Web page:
Like many others, I was very struck by recent footage of Barack Obama criticizing cancel culture. Less than three years since he left the White House, he already feels like a figure from another age. No doubt this is partly due to the contrast between his demeanor and that of his successor, which could hardly be more marked. As the now-viral video comparing Trump’s speech on Sunday to Obama’s statement on the death of Bin Laden shows, Obama played the statesman role well. Donald Trump just seems to relish being at the heart of a 24-hour traveling circus of provocation and outrage.
But there is another reason why Obama has a slightly old-fashioned feel, so soon after leaving office. The right has changed, yes – but so has the left. Obama’s professorial style, discursive and self-consciously intellectual, hasn’t just been eclipsed by the rollicking ‘own the libs’ populism of the Trump administration, but by increasingly revolutionary attitudes among American liberals. When Obama was first elected in 2008 it was as a declared opponent of same-sex marriage. Hillary Clinton held that position until 2013. By contrast, the front-runners for the 2020 Democratic nomination have all committed themselves not only to support for same sex marriage, but also to full support for gender ideology, which was barely on the public radar at all even five years ago.
Beto O’Rourke’s declaration that he favored using the tax system to attack religious groups that oppose gay rights was not endorsed by the big names, but they didn’t make much effort to distance themselves from it. I suspect that such a move would be extremely popular among the well-educated and largely secular urban elites who form the Democratic party’s key voters. There has clearly been a radicalization of left-liberal opinion on social issues in the US over the last decade or so. An increasingly dismissive and antagonistic attitude towards opponents of socially radical views is now evident. Cancel culture is a product of this intolerance, and contributes to its intensification, as people get more and more caught up in the joyous self-righteousness of denunciation.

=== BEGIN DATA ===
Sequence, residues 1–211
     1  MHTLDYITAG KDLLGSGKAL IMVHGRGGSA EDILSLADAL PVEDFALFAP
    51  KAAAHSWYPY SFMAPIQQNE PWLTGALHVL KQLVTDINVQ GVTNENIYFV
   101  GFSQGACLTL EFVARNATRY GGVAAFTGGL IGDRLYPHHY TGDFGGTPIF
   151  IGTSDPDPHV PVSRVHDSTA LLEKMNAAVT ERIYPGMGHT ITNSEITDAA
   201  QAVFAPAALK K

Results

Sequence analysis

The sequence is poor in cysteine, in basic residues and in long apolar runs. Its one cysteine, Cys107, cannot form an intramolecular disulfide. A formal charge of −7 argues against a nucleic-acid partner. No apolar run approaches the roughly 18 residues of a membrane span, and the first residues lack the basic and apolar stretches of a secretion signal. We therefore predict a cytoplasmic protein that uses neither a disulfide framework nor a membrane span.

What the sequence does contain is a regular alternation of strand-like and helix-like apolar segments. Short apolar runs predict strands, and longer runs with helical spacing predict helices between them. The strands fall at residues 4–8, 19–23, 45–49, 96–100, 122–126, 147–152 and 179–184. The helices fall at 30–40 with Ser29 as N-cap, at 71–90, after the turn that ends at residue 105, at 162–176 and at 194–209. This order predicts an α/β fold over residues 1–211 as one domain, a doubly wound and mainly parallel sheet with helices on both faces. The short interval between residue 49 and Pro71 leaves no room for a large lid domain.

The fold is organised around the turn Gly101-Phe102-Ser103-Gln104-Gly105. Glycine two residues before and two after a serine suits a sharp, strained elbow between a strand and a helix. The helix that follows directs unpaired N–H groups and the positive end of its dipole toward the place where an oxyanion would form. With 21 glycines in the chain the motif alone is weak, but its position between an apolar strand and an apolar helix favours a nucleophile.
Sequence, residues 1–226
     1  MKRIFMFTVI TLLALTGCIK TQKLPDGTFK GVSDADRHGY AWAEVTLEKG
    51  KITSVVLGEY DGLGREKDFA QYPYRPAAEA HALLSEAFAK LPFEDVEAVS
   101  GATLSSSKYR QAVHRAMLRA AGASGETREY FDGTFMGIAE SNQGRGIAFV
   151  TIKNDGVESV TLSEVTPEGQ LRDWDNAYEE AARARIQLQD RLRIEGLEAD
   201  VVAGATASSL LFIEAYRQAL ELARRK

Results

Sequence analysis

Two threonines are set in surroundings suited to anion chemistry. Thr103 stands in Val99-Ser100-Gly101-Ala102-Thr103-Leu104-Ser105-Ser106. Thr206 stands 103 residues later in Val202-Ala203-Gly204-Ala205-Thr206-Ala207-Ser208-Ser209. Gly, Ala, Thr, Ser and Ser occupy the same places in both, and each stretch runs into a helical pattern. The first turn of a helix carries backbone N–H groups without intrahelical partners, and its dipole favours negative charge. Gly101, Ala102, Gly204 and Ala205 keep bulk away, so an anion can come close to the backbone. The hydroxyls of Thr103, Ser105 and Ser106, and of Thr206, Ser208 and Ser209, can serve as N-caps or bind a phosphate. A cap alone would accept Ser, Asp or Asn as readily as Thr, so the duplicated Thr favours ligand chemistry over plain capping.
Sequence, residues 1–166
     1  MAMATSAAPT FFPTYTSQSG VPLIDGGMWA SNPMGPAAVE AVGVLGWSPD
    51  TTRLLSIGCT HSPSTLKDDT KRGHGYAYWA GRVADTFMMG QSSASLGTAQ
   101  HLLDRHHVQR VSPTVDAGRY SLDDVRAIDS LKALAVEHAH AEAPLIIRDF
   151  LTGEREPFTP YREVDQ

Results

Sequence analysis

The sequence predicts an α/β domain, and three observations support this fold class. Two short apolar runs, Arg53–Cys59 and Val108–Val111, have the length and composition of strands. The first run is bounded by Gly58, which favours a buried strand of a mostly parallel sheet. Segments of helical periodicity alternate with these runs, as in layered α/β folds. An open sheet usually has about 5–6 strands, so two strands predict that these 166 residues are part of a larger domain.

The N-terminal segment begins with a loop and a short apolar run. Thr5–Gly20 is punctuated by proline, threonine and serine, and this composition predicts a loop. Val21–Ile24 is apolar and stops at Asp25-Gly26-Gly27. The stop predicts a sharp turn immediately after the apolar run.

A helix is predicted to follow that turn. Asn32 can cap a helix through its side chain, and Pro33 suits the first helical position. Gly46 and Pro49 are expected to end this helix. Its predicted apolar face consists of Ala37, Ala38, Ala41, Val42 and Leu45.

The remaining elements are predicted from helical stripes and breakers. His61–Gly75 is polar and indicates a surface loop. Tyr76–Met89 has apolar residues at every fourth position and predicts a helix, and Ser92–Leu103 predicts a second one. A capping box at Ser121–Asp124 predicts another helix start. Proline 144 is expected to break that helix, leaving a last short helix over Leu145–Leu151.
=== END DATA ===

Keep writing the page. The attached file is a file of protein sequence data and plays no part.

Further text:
Obama dislikes this development, and rightly so. Civilized peaceful politics can only survive in the long term if we are willing to accept certain meta-political conventions and rules – for example, that people with whom we disagree are entitled to employment, to a private life, to a fair hearing, and to a voice in public life.
It’s a bit rich coming from Obama, however. He can’t escape his own responsibility for creating a culture where opponents become enemies and politics is treated as a ‘winner takes all’ game where the law is used to do down the other side to satisfy the tribal instincts of your base. It was Obama’s administration who refused any compromise in their attempt to force the Little Sisters of the Poor, a female religious order, to provide contraception to their employees through insurance plans, in violation of their Catholic consciences. It was under Obama that the Democrats became intensely hostile to even the most minimal restrictions on abortion. I don’t recall President Obama questioning the claims made by pro-same sex marriage judges that there were no rational or reasonable basis to oppose such marriages.
It’s always good to see prominent people taking a stance against the febrile and vicious cancel culture. But for people like Mr Obama who bear some responsibility for stoking that culture, perhaps a little self-reflection is also in order.